U.S. Department of Health & Human Services
Initiative ~ Executive Order ~ HHS Role ~ News & Additional Resources
Delivering on the Promise: Preliminary ReportTransmittal Memo [DOC = 28K]; Cover: PDF = 203K
Table of Contents [Complete Report: HTML = 154K, DOC = 535K]
Federal Actions: Intro | Overview | Highlights | Health Care | Housing | Assistance | Personal Support | Transportation
Employment | Education | Technology Access | Compliance | Outreach | Income Supports | Data Use | Coordination
Executive Order 13217: Alternatives | The Initiative | Roots | Public Input | Conclusion
Appendices: Summary of Initiatives | Input Entities | Federal Register Notice
The Public Input Process
For The Executive Order
More than 800 individuals and organizations provided comments through the mechanisms established by HHS in response to the Executive Order. Many comments were quite detailed and contained multiple ideas and observations, resulting in the collection of several thousand ideas or observations through the public input process. Most of the comments (678) were received during the period of formal written comment. Eighty individuals and organizations provided testimony at the National Listening Session, while another 47 participated in the National Teleconference call. Respondents represented a broad cross-section of interest groups, including consumers, family members, advocacy organizations, providers and provider associations, state and local governments, national government agency associations, and researchers. Respondents also represented a broad spectrum of disabilities, including mental retardation and developmental disabilities, mental health and substance abuse, physical disabilities, including spinal cord injury, traumatic brain injury, HIV/AIDS, visual and hearing impairments, autism, Alzheimer's and various learning disabilities. See Appendix B (listing all entities participating in the public input process). Components within HHS and the other participating federal departments conducted short-term outreach efforts to alert their network and the general public about the opportunity to provide input. These efforts included mass mailings and emails, announcements at already scheduled events, and alerts posted on agency websites. For example, HHS provided and disseminated one-page flyers in both English and Spanish that described the three public input opportunities and solicited comments.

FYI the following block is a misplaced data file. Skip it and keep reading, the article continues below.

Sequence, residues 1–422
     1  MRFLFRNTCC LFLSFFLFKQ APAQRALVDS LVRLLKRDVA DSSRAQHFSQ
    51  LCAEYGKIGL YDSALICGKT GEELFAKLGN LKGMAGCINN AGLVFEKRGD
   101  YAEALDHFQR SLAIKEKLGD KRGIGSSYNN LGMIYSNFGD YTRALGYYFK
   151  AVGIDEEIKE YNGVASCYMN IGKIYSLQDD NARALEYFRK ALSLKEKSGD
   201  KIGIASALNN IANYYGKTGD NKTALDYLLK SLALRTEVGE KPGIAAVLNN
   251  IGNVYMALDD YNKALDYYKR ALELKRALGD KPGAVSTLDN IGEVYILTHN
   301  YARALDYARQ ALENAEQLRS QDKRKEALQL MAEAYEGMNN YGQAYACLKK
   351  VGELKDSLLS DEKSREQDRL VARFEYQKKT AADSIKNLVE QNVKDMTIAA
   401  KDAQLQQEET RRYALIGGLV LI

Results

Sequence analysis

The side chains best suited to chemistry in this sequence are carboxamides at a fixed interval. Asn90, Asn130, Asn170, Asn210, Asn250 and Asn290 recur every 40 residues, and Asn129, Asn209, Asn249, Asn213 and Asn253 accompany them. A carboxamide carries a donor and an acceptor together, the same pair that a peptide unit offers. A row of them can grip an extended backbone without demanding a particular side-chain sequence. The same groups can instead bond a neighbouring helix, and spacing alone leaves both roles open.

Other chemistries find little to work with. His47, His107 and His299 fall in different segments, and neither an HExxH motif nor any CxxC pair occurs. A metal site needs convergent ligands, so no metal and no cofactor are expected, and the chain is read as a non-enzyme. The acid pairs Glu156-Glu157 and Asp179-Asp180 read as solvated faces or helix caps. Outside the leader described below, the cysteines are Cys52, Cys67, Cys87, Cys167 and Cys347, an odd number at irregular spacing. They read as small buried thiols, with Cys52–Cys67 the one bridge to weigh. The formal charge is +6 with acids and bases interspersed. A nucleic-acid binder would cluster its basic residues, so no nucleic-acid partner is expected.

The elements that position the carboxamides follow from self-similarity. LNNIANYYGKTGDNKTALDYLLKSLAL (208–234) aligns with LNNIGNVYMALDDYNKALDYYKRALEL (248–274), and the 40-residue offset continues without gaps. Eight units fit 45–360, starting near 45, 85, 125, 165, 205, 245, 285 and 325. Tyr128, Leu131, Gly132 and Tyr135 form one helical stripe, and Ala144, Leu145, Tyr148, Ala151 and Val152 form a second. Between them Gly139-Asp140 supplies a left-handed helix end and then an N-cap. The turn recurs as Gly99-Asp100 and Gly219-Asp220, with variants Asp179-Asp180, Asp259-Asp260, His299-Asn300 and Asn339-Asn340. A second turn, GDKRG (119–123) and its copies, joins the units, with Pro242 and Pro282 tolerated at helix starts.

Consumers, family members, advocacy organizations, service providers, and others were asked to identify barriers to community integration that exist in federal policies, programs and statutes, and to identify solutions to address these barriers. Individuals were given the option of providing input through the New Freedom Initiative email address or by submitting written comments by mail. The full text of each communication was entered into the public input database and categorized for analysis. The categorization involved identification of the source of input (i.e., consumer, family member, advocacy organization, etc.), the main topics of input (i.e., housing, health care, education, etc.), and the barriers and solutions described in the communication.
A total of 678 individuals and organizations provided 754 separate written communications during the public input period. As depicted in the graph below, individuals with a disability (50) or family members (157) together accounted for about one-third of the comments. They represented all ages and consumer groups. National organizations representing elderly, children, or adults with a disability accounted for about 21% of the comments. Comments were received from 24 state agencies, from 6 national associations of state government agencies, and from 7 local governments.
Disclaimers | Privacy Notice | FOIA | Site Info | Contact Us
Last revised: April 9, 2002